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Eur Spine J. 2009 October; 18(10): 1469–1477.
Published online 2009 June 10. doi:  10.1007/s00586-009-1050-5
PMCID: PMC2899379

Benefit and accuracy of intraoperative 3D-imaging after pedicle screw placement: a prospective study in stabilizing thoracolumbar fractures


Internal fixation is the established dorsal standard procedure for the treatment of thoracolumbar fractures. The main problem of the procedure is the false positioning of the pedicle screws. The exact determination of pedicle screws has up to now only been possible through postoperative computed tomography. This study was intended to clarify the diagnostic value of intraoperative 3D scans after pedicle screw implantation in thoracolumbar spine surgery. The direct intraoperative consequences of the 3D scans are reported and the results of the 3D scans are compared with the postoperative computed tomography images. Intraoperative 3D scans were prospectively carried out from June 2006 to October 2008 on 95 patients with fractures of the thoracolumbar spine that have been treated with internal fixation. Screws positions were categorised intraoperatively, screws in relevant malposition were repositioned immediately. A computed tomography of the involved spinal section was carried out postoperatively for all patients. The positions of the pedicle screws were determined and compared in the axial reconstructions of both procedures. Four hundred and fourteen pedicles with enclosed screws were evaluated by the 3D scans. The time needed for carrying out the 3D scan amounts to an average of 8.2 min. Eleven screws (2.7%) in ten patients were primarily intraoperatively repositioned on the basis of the 3D scan evaluation. Two of 95 patients had to have false positions of the screws revised secondarily following evaluation of the computed tomographies. The secondary postoperative revision rate of the patients amounts to 2.1%. In relation to the number of screws, this is a revision rate of 0.5%. The postoperative computed tomographies showed 323 pedicles without cortical penetration by the screws (78.0%). Ninety-one screws penetrated the pedicle wall (22%). It was possible to postoperatively compare the position classifications of 406 pedicle screws. The CT showed 378 correct screw positions, while 28 screws were positioned falsely. On the basis of the 3D scans, 376 of 378 correct positions were correctly assessed. Twenty-one of 28 false positions could be correctly classified. The sensitivity of all 3D scans reached 91.3% and the specificity 98.2%. The position of 97.8% of the pedicle screws was correctly recognised by the intraoperative 3D scan. Nine screws were classified falsely (2.2%). The comparison of the classification results showed significantly higher error findings by the 3D scan in the spinal section T1–10 (P = 0.014). The image quality of the 3D scan correlates significantly with the width of the scanned pedicle, with the body mass index, the scanned spinal section and the extent of the fixation assembly. 3D scans showed a high accuracy in predicting pedicle screw position. Primary false placement of screws and primary neurovascular damage cannot be avoided. But intraoperative evaluation of the 3D scans resulted in a primary revision rate of 2.7% of the pedicle screws and we could lower the secondary revision rate to 0.5%.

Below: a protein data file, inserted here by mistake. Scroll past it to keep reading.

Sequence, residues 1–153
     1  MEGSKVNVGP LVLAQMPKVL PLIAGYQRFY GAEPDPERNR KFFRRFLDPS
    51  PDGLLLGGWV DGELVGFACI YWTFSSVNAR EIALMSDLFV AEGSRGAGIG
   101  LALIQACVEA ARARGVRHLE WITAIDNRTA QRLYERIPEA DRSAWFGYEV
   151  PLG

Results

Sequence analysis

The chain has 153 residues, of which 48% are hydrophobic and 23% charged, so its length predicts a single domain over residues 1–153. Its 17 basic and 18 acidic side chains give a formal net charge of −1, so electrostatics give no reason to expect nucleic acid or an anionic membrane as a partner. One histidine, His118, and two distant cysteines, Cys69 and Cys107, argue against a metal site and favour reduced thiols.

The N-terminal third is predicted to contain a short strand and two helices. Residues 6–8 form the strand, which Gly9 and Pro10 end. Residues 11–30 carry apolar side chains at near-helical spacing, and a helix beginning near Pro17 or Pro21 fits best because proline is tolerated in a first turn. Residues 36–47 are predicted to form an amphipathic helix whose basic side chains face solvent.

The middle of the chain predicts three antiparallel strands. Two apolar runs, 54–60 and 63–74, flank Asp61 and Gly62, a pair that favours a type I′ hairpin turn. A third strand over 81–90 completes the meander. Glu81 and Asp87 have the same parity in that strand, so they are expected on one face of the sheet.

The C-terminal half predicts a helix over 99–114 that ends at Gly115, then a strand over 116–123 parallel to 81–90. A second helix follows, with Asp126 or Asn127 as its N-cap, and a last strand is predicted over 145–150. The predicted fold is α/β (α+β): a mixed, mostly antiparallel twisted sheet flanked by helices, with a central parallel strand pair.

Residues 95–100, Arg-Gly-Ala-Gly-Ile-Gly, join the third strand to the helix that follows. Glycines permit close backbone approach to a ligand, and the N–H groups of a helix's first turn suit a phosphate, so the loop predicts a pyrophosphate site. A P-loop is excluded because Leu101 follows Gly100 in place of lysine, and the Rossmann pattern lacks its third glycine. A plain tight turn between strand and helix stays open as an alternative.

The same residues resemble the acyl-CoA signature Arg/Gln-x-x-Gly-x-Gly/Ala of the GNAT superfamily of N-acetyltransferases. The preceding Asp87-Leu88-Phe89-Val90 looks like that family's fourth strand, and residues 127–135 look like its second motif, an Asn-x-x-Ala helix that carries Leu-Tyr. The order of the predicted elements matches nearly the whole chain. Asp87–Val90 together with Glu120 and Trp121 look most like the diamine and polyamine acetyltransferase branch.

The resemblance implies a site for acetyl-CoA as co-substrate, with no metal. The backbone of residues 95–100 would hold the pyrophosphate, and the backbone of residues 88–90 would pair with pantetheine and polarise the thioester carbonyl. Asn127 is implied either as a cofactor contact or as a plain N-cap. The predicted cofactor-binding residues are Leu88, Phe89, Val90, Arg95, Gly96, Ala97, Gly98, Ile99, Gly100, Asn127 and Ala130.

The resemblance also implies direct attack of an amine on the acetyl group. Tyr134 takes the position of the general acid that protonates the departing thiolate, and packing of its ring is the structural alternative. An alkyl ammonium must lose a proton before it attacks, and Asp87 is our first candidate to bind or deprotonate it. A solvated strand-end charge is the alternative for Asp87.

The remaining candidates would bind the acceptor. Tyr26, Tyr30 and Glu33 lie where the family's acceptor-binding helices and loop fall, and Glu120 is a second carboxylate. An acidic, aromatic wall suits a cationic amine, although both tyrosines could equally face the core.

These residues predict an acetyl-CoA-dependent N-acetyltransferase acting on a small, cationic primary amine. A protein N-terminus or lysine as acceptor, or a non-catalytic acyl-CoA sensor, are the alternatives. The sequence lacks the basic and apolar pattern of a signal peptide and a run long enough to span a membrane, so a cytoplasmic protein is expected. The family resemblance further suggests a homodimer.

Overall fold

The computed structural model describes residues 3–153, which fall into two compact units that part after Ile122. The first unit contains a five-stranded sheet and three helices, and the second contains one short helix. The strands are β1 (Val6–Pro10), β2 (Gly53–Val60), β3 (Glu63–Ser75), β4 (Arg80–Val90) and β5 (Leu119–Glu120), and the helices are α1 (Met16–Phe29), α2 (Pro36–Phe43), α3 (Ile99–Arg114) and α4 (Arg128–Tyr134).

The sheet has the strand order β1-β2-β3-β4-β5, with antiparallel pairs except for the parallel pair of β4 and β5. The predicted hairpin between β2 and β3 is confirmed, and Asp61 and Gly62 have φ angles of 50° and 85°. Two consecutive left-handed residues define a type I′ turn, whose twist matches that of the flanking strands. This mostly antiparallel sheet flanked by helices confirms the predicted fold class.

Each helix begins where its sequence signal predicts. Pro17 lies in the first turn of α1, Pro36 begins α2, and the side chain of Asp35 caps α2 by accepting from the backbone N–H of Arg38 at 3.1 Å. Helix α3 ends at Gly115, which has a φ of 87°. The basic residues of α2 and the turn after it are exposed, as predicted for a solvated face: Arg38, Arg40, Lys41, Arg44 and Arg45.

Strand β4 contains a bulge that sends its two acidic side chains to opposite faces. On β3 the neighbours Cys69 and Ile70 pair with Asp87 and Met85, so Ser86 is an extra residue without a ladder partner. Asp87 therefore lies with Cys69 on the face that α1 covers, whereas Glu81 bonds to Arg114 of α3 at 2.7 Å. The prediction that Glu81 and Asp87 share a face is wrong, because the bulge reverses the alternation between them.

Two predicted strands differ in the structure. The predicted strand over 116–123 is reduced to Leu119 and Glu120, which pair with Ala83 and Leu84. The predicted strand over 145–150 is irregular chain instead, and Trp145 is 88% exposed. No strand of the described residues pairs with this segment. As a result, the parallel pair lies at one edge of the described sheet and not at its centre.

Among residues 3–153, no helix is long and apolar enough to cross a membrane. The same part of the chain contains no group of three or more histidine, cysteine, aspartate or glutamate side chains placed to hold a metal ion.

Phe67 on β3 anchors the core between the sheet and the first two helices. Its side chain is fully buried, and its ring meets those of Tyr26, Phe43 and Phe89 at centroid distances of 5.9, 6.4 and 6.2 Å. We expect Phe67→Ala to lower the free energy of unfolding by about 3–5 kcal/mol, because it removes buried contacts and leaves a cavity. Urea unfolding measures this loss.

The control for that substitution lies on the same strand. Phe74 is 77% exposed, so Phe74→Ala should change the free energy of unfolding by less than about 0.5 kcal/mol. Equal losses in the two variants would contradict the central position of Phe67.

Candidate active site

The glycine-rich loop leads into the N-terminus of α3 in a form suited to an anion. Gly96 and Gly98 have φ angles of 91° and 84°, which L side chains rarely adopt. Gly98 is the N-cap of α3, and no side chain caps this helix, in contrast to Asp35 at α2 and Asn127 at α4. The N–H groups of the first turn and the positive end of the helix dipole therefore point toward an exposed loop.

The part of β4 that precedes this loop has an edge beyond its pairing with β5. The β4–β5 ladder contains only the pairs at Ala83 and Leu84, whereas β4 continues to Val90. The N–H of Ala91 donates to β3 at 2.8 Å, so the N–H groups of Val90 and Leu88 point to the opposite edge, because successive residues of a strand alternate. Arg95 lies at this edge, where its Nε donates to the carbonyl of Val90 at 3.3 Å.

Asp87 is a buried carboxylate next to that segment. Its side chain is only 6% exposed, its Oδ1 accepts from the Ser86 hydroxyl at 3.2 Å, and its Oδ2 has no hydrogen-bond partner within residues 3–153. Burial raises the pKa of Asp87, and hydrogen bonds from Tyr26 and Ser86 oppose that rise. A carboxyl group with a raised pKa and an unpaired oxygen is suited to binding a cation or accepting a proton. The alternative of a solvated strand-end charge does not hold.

Keywords: Three-dimensional fluoroscopy, Intraoperative 3D-imaging, Pedicle screws, Thoracolumbar fracture, Spine


Vertebral body fractures with an accompanying neurological deficit, relevant axis deviation and instability criteria represent an indication for operative stabilisation [28]. Dorsal, ventral and combined fusions are standard methods of treatment. The dorsal repositioning and stabilisation of fractures of the thoracic and lumbar portions of the spine with transpedicle screws was introduced by Roy-Camille [23]. Internal fixation is in the meantime the established standard procedure for the care of thoracolumbar fractures and is an indispensible instrument in degenerative dorsal fusion surgery. The main problem of the procedure is the false positioning of the pedicle screws, which affects up to 40% of the screws [7]. This results in revision rates from 2.8 to 6.6% [16, 24]. Lateral malpositions affect the stability and can cause loosening of the fixateur. Medially misplaced screws can cause primary and secondary neurological damages.

Navigation-supported procedures can reduce the rate of false positioning, but cannot exclude the possibility of considerable false positions [12, 26]. The exact determination of pedicle screw positions has up to now only been possible through computed tomography of the spinal section involved. Conventional X-rays and intraoperative image intensifier examinations offer no adequate diagnostic certainty [4]. However, intraoperatively stationed computed tomographies are only seldom available.